New applications have long been the choice for using public clouds. On-premise applications continue to reside in expensive data centers because of the complexity of the lift and shift involved in migrating workloads to public clouds. However, Amazon, Google, Microsoft and IBM have been steadily beefing up their features so that the stars are finally aligning for enterprises to be able to plan for migrating their on-premise applications to AWS, Azure, SoftLayer and GCP.

Enterprises evaluating the cloud for their on-premise applications typically weigh these factors:

Security: Will their cloud deployment be as secure or more secure than their data centers?
Performance: Will their users get the same level of responsiveness from the applications if the apps were moved to a public cloud that may reside in a different city from the users?
Cost: With the dramatically different cost paradigm in the public cloud, what will the impact on the IT budget be if the application resides in a public cloud?
Migration: How will they migrate the application and data to the cloud, particularly complex, multi-tiered enterprise applications

Security and Performance Considerations are roughly equivalent across the Mega Clouds. Cost is the Differentiation.

All the mega clouds – AWS, Azure, GCP and Azure have added data centers across the globe – not just in North America but in Australia, Asia and Latin America. Local access to applications reduces latency and improves application responsiveness. Nearly all cloud vendors offer solutions for big data applications with blazing analysis speeds. Beefed up security features, both native to the cloud vendors, and offered by a plethora of partners satisfy the need of the most security-sensitive organizations.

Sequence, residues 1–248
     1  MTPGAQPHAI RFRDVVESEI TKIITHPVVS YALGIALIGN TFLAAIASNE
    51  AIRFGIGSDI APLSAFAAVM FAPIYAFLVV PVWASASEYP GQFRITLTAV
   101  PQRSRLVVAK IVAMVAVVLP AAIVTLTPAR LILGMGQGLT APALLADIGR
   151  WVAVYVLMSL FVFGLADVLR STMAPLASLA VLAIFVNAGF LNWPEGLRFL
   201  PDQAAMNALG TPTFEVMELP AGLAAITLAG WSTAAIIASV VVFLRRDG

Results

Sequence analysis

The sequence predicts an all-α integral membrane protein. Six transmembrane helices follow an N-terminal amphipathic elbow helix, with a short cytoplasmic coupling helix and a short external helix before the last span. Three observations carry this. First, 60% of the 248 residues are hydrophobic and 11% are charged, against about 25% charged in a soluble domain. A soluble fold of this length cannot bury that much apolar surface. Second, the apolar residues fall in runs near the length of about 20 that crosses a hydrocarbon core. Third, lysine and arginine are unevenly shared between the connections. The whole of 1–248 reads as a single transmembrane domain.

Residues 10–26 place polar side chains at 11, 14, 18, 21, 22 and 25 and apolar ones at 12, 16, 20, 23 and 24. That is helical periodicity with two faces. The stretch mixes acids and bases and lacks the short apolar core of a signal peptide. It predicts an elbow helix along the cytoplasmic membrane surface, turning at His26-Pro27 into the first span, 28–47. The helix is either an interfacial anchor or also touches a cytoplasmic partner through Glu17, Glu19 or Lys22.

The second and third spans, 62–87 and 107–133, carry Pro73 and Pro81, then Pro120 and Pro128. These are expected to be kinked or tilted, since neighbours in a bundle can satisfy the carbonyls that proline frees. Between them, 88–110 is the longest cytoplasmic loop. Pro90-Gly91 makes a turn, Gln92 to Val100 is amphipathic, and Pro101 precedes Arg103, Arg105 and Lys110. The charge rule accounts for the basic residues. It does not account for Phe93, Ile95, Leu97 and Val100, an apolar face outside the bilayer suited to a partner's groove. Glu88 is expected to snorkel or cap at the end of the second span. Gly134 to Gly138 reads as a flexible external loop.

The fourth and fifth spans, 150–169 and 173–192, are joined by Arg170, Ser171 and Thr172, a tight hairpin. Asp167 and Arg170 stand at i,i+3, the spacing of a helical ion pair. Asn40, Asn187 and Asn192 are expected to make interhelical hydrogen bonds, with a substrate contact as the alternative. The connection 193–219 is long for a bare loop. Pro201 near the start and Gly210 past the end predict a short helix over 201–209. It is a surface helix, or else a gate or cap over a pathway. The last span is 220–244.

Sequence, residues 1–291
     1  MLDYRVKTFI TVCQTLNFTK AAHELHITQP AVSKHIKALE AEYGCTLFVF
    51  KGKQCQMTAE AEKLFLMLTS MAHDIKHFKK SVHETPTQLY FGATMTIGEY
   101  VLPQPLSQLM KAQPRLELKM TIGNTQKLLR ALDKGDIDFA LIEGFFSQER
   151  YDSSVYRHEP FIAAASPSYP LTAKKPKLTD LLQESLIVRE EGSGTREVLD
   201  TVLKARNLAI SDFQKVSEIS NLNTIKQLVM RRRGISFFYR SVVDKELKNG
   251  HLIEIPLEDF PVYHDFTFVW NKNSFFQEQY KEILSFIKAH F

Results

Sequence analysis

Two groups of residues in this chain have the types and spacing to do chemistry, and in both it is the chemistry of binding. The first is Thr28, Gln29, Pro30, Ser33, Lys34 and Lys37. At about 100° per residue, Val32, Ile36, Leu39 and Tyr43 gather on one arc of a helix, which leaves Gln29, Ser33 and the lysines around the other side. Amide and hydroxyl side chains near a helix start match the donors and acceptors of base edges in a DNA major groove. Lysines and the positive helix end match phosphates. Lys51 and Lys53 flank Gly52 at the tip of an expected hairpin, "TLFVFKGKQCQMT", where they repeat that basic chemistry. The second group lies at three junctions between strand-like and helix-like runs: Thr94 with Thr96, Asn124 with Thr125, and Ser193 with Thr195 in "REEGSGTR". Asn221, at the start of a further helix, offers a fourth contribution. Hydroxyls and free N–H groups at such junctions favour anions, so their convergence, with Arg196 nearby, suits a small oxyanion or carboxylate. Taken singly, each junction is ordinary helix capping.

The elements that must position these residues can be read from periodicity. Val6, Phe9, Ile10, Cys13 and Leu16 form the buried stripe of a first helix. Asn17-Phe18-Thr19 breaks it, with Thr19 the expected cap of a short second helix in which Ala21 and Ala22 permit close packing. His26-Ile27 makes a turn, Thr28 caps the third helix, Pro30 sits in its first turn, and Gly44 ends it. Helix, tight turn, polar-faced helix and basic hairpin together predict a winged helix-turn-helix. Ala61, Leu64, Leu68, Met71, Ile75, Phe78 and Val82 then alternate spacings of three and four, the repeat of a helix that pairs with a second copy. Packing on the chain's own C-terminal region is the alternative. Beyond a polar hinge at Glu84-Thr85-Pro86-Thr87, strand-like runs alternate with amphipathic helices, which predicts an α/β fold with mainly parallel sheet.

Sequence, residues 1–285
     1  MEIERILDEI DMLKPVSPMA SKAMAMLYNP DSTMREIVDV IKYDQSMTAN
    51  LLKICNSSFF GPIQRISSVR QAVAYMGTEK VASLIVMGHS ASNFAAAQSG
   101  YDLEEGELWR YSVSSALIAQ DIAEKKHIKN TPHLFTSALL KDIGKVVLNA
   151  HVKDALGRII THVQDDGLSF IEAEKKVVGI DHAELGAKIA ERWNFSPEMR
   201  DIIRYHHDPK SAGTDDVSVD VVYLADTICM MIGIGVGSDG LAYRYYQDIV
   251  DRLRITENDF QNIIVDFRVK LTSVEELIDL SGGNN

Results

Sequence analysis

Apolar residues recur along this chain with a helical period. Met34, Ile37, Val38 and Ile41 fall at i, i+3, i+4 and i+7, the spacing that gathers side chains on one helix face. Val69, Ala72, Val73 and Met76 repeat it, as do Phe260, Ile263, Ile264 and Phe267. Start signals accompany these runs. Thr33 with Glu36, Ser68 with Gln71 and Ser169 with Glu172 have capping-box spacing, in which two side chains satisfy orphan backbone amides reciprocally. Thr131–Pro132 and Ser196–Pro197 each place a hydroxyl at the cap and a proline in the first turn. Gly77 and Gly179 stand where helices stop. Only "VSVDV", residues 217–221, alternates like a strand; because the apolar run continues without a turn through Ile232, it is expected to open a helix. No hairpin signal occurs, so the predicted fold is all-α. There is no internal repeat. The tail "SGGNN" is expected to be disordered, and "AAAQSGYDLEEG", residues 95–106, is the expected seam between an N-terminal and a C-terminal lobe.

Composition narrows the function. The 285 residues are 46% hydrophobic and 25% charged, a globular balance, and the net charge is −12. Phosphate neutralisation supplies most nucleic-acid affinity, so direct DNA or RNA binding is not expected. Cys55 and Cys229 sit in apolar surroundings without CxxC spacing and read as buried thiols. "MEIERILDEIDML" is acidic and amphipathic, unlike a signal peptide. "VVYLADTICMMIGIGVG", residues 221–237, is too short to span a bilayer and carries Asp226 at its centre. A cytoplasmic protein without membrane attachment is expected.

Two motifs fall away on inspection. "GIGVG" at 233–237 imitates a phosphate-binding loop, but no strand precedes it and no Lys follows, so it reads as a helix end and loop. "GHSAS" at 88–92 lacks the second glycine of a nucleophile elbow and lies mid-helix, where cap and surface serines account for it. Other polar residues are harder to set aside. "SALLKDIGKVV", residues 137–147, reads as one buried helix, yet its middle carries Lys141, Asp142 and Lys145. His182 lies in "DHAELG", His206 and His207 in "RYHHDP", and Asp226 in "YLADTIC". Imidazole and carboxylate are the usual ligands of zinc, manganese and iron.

So, security and performance options are roughly equivalent across all the mega clouds. Costs, however, vary widely across the clouds with great variance in charges for services such as compute, storage, memory, network bandwidth, IO transactions and application licenses. So it makes sense to evaluate the differentiating factor – cost – first before pointing the lens at security and performance.

A good cloud planning software helps an enterprise answer these questions:

– Network topology: Will the supporting topology of the app be available in the cloud? If not, what changes will be required and what is the difficulty?
– Ingress/Egress accessibility: Will any other changes need to be made for the migrating app to be accessible once migrated?
– Supported OS’: Are all the supplication OS’ supported by the cloud destination, or will some modernization/ remediation be required?
– Supported app tier platforms: Are all the tiers of the application (load balancer, DB, etc) supported in the cloud destination, or will they need to be migrated/converted to other environments?
– Are there any other changes that are available/preferably so the application can take better advantage of cloud capabilities (e.g. auto-scaling, availability, etc.)?
– What is the closest equivalent cloud template(s) for the on-prem application infrastructure?
– What is the best pricing deal in the various clouds that will increase $$ savings over the long run?
– What do I save if I only migrate the utilized resources (right-sizing) to the cloud?
– I spent much time and effort optimizing my on-premise environment for optimal application performance – how can I retain this optimization in the cloud?



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